While Ukraine’s central bank governor worries that Ukraine risks becoming a “pariah country” if it does not meet its obligations, she needn’t be concerned. There have been 187 sovereign debt restructurings between 1970 and 2013, and recent IMF research found that emerging market governments almost always come to terms with their creditors eventually and return to international markets with a clean bill of health. Moreover, once a country’s debt load becomes manageable, inflation drops substantially while economic growth rates at least double — exactly what Ukraine desperately needs after years of economic crisis.

Ukraine does not control its own destiny on the battlefront. On the financial front, however, Kiev holds a strong hand — and should not hesitate to play it.







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The bias and hypocrisy in this article reaches a point of absurdity.

Written by a US AID worker, whose agency financed the violent overthrow of a legitimately-elected government.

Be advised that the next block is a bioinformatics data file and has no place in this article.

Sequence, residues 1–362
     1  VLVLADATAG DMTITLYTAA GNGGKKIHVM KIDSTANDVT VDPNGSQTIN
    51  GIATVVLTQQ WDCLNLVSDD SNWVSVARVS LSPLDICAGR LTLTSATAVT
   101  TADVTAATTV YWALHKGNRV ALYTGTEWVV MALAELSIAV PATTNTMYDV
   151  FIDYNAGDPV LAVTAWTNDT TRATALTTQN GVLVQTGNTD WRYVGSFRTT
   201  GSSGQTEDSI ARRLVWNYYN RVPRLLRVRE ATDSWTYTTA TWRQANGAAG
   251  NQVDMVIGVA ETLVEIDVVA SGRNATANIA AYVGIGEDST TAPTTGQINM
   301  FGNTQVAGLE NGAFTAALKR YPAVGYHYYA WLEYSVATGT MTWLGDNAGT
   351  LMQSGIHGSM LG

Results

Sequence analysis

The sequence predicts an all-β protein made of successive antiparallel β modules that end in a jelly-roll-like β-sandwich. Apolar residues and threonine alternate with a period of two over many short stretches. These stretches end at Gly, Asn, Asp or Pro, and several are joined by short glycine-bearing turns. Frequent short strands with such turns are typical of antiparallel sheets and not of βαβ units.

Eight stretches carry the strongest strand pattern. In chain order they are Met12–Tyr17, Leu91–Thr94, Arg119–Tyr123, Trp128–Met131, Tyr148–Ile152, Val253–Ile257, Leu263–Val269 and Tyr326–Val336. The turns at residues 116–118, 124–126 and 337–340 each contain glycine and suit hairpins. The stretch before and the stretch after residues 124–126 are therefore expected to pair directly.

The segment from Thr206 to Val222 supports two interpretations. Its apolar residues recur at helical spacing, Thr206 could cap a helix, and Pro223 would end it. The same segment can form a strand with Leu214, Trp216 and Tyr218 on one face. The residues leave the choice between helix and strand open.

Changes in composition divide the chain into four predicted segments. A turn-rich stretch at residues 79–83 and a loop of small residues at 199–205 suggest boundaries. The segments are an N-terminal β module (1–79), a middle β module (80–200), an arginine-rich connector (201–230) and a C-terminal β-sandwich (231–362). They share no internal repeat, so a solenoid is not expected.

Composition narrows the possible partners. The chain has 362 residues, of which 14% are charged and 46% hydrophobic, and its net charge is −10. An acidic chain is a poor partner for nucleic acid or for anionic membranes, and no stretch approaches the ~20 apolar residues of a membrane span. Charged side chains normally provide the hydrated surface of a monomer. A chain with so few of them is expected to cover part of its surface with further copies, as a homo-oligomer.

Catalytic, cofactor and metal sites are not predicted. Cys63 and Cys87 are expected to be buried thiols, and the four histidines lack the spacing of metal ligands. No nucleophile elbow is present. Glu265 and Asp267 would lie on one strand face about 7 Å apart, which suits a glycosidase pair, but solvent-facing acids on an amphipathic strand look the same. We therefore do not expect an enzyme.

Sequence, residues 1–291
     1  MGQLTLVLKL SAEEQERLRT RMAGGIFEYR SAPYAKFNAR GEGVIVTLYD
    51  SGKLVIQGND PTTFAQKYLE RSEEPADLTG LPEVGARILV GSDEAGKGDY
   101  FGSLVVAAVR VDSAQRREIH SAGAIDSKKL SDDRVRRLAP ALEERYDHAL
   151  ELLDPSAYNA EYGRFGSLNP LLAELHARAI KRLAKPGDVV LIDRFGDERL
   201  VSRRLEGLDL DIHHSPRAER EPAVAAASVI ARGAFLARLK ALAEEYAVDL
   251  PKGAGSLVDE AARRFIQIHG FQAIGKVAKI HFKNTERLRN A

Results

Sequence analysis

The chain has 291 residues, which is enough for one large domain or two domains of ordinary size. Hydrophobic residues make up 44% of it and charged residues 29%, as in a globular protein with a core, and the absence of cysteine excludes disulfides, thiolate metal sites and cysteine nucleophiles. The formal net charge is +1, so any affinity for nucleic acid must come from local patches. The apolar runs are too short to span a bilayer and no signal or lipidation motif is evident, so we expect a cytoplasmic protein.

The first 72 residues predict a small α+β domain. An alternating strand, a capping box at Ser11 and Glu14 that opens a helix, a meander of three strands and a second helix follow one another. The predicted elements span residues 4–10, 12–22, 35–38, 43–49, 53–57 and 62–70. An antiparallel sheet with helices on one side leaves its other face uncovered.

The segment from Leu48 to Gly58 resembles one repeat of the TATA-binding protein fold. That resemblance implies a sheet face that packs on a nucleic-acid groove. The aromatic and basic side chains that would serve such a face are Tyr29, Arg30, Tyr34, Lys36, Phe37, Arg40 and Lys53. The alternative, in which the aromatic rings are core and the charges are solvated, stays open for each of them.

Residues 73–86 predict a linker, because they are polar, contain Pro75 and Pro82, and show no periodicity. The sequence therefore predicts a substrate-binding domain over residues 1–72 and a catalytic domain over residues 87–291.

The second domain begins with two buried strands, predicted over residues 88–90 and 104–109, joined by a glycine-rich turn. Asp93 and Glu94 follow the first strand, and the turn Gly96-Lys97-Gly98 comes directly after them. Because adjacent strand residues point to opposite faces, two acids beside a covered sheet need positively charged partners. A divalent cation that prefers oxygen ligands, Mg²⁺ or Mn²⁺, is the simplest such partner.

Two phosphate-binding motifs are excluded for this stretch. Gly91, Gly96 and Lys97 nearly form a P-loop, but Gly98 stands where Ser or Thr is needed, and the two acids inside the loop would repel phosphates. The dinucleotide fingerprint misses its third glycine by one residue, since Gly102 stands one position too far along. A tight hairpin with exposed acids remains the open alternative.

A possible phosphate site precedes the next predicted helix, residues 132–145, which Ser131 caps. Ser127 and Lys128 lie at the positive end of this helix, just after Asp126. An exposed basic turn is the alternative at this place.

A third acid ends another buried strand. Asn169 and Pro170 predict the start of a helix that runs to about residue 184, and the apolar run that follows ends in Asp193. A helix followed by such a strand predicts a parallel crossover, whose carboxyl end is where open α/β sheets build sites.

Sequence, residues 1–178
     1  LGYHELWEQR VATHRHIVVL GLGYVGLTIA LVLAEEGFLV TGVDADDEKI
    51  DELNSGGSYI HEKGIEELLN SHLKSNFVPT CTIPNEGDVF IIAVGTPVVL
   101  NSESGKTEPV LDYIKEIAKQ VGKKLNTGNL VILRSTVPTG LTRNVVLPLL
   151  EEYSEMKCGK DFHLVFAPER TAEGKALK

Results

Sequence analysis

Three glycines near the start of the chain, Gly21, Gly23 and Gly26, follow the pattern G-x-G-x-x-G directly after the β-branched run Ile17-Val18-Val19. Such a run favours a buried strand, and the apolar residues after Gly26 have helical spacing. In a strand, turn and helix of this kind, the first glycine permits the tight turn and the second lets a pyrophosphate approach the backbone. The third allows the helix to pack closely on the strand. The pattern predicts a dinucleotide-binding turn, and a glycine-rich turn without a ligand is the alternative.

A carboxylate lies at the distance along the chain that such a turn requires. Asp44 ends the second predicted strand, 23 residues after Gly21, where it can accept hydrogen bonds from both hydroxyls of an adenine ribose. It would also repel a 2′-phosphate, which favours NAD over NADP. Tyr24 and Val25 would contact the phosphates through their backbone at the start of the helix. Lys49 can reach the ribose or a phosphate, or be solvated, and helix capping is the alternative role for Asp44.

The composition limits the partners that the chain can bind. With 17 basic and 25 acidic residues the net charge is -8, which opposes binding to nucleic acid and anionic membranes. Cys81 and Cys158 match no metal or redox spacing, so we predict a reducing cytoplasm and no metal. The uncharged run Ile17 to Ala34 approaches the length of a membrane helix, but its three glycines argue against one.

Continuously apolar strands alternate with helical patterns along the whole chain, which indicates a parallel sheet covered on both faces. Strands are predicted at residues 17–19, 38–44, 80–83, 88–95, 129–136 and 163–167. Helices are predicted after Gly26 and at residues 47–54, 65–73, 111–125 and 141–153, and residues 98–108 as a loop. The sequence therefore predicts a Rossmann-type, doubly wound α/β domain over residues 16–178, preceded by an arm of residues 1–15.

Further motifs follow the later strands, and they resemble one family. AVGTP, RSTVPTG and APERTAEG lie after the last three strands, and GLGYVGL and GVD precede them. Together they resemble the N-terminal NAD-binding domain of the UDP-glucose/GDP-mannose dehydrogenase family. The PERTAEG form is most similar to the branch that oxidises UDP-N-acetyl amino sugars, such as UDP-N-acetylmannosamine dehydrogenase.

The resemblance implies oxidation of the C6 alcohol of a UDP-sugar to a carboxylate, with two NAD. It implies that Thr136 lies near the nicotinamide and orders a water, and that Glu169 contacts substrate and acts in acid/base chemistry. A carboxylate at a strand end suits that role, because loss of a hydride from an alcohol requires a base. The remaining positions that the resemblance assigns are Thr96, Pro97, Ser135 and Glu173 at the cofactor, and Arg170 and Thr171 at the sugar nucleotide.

Glosses over the atrocities committed by the totalitarian regime in Kiev.

Ignores the criminalization of dissent through this US-backed regime’s “lustration” process.

Suggests stiffing the creditors, while purposely omitting the fact that Russia is one of the main creditors.

What is to be gained by a deadbeat nation refusing to pay its debts? Forcing taxpayers of other countries to replace the $20-$40 billion/year welfare subsidy formerly contributed by Russia may work for a while, but no private investors or banks will be willing to throw more money into a financial black hole.

Posted by fairbro_plus | Report as abusive

Investors who bet big on ANYTHING should shoulder their own losses. They shoulder their own wins.

Posted by Solidar | Report as abusive

the problem in ukraine is government corruption. reduce that and the big investors will support. as a small investor, the problem is no way to invest in ukraine. and the time to invest is now.

Posted by harrykrishna | Report as abusive

Actually, the parallel with Greece is not a good one.

Despite the horrible sound of 60% inflation and 17% drop in GDP this is just a consequence of a loss of export-oriented territory, and dramatic devaluation of national currency. This all happened several months ago, and by new econnomy has adjusted itself to new conditions.